Then there is also always the “I spy a word that rhymes with … fly.” This is also a great one. Wherever you are, your child can shout out, “Sky! Tie! Pie! High! Why!” My own son loves this one.

4) In most school districts, your child will most likely be assessed in kindergarten and/or first grade on phonemic awareness because having good phonemic awareness is strongly correlated with good beginning reading.

Many districts in our state, including  the Lake Washington School District, use the DIBELS Assessment three times a year to assess your child’s progress in these fundamental areas. Keep in contact with your child’s teacher on his assessments and  progress, and of course ask for more ideas to help your child in this area if he continues to struggle.

5) Continue to read aloud because the best teachable moments are often in the context of real literature! Reading books that rhyme, singing songs, and sharing poetry all encourage building your son’s phonemic awareness. Stop and model for him words that rhyme, and then stop here and there and see if he can too!

6) Last but not least, don’t underestimate the power of writing to help your child learn to read.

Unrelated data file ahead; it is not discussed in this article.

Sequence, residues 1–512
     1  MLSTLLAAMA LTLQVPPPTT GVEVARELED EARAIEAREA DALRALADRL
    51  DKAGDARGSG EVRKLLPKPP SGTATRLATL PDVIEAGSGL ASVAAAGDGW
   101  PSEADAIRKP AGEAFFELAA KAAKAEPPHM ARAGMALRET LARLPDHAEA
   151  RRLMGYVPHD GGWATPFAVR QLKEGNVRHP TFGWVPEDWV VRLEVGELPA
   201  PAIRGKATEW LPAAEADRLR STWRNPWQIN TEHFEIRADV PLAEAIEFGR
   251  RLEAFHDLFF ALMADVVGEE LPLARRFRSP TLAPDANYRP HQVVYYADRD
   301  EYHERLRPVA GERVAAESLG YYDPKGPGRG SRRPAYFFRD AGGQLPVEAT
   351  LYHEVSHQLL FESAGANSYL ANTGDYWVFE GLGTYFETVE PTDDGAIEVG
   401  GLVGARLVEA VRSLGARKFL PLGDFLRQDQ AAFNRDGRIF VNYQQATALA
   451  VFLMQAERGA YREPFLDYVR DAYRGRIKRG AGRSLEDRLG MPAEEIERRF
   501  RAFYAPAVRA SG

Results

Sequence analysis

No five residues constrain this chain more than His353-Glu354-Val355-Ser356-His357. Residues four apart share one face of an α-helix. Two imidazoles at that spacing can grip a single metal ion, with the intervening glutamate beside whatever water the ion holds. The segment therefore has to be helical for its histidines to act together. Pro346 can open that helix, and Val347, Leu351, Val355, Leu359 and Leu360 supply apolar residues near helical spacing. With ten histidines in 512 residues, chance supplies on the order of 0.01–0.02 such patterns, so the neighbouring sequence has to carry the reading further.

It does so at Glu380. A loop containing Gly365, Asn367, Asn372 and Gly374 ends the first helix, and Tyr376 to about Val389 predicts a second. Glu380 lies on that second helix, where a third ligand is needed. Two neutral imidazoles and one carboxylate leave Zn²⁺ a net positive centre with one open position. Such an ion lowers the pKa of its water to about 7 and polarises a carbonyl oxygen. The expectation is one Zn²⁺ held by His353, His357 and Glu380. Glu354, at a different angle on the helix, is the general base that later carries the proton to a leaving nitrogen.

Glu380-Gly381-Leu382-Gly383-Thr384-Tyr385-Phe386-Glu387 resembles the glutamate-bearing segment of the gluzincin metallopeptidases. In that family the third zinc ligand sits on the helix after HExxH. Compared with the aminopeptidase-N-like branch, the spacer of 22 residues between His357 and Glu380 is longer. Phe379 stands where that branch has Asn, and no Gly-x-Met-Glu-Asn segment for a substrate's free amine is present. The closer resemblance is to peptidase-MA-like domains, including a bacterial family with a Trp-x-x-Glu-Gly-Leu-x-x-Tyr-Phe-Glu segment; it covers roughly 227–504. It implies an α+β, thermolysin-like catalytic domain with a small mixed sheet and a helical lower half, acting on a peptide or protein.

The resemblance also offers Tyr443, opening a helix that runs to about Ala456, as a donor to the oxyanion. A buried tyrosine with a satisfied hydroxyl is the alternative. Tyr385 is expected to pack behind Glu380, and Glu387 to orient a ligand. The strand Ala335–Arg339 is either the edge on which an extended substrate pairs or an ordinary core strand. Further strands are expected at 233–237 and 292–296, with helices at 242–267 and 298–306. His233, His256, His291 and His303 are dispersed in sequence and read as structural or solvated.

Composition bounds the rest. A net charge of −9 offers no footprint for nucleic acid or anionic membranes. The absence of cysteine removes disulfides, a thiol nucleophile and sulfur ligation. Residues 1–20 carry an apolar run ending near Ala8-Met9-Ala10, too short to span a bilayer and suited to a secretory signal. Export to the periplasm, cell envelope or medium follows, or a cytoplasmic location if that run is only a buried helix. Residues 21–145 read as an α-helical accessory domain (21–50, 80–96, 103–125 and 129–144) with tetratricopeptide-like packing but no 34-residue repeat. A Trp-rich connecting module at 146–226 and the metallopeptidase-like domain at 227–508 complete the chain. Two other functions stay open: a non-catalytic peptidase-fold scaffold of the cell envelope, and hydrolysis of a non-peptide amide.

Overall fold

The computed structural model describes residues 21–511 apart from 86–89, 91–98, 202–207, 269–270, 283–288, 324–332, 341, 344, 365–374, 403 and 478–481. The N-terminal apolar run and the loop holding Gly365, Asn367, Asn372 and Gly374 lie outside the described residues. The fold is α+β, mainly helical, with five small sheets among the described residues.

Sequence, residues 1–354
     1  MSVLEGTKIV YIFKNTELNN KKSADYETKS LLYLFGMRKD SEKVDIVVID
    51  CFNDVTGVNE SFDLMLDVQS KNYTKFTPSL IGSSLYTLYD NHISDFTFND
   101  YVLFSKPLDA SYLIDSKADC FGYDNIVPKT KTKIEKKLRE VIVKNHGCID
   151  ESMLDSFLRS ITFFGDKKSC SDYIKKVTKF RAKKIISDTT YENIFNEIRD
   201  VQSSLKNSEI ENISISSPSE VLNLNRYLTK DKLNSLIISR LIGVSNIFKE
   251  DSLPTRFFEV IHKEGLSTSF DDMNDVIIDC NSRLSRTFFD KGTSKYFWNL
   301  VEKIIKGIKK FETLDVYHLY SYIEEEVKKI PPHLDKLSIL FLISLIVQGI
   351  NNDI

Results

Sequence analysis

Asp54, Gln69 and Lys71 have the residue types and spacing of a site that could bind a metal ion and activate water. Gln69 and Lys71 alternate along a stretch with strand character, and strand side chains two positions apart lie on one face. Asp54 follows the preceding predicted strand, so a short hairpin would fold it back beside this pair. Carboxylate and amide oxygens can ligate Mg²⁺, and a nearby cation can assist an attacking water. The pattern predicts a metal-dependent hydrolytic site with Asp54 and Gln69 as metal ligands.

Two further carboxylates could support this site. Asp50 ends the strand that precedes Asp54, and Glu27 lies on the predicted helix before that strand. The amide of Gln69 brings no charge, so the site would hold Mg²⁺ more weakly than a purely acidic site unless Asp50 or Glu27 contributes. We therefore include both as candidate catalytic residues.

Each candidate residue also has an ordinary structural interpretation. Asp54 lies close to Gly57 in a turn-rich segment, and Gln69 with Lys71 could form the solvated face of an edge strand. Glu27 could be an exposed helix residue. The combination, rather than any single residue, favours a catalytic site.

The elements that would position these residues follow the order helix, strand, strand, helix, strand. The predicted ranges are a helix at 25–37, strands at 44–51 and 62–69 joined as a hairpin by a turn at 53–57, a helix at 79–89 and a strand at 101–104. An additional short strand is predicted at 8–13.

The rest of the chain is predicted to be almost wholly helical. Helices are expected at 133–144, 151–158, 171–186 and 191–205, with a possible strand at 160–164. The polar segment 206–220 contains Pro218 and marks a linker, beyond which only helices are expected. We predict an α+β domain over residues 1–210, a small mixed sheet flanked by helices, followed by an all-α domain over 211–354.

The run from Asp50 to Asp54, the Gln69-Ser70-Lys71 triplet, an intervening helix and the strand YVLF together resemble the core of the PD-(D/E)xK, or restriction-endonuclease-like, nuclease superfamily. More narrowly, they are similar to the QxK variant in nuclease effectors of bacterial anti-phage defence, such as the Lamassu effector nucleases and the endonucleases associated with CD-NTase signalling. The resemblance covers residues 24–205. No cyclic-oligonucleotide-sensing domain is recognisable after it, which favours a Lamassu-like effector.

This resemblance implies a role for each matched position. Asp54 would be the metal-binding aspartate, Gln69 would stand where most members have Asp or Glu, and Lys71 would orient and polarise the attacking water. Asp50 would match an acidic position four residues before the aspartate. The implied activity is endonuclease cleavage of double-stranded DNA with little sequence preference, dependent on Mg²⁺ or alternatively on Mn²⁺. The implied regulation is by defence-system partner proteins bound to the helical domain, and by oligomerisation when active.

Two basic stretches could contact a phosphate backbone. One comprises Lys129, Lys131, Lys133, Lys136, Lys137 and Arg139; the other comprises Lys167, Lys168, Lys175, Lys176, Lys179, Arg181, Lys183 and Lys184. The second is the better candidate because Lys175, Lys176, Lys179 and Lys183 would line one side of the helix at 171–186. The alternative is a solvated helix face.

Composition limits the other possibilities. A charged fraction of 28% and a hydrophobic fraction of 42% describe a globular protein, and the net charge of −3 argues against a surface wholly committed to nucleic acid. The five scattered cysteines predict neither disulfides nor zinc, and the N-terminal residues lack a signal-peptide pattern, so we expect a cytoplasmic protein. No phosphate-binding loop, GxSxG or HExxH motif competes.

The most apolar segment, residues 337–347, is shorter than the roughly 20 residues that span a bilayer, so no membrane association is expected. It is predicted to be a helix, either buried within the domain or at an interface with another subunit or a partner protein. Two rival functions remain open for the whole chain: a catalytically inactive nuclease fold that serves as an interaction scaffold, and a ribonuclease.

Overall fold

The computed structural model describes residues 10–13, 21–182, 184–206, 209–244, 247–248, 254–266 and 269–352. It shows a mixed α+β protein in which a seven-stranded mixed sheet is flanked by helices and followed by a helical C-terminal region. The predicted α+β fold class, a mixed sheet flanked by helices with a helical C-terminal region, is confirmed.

Time and time again, I see children who have difficulty with phonics and blending words together, who learn to read by writing. They have tons of ideas and stories and when given pen and paper they begin sounding out letters and building words!

And, although many educators believe that children learn to read before they learn to write, many disagree with this, and I am one of them. I truly believe that many children learn to write and during this process, learn to read. Your child may be one of these “writers.”

There is definitely a hurdle between that stage where children know their sounds and yet, still are unable to blend them together. Just remember, be patient.

Even if your child isn’t sounding out the words in the book, if they can segment, blend, and rhyme, they have a good solid foundation in phonemic awareness, which means it is just a matter of time before they begin to blend and read the words they see in print.

You know the fine line between pushing him too hard so that he doesn’t land flat on his face, but also being able to help him build the muscle or the “skills” to be able to leap over this hurdle.

As your child’s first and most important teacher always remember to keep reading fun and joyful and I have no doubt you will help him leap to great heights!

Joy Brooke is the first and most important teacher of her 5-year-old son and 3-year-old daughter. She resides in downtown Kirkland with her husband and two children. Brooke is a National Board Certified teacher in Literacy: Reading- Language Arts/Early and Middle Childhood, holds a B.A. in Educational Studies and a M.A. in Educational Policy and Management from the University of Oregon. The opinions provided in this column do not reflect that of the LWSD or any other organization she is affiliated. "Like" Ask Mrs. Brooke's Facebook page.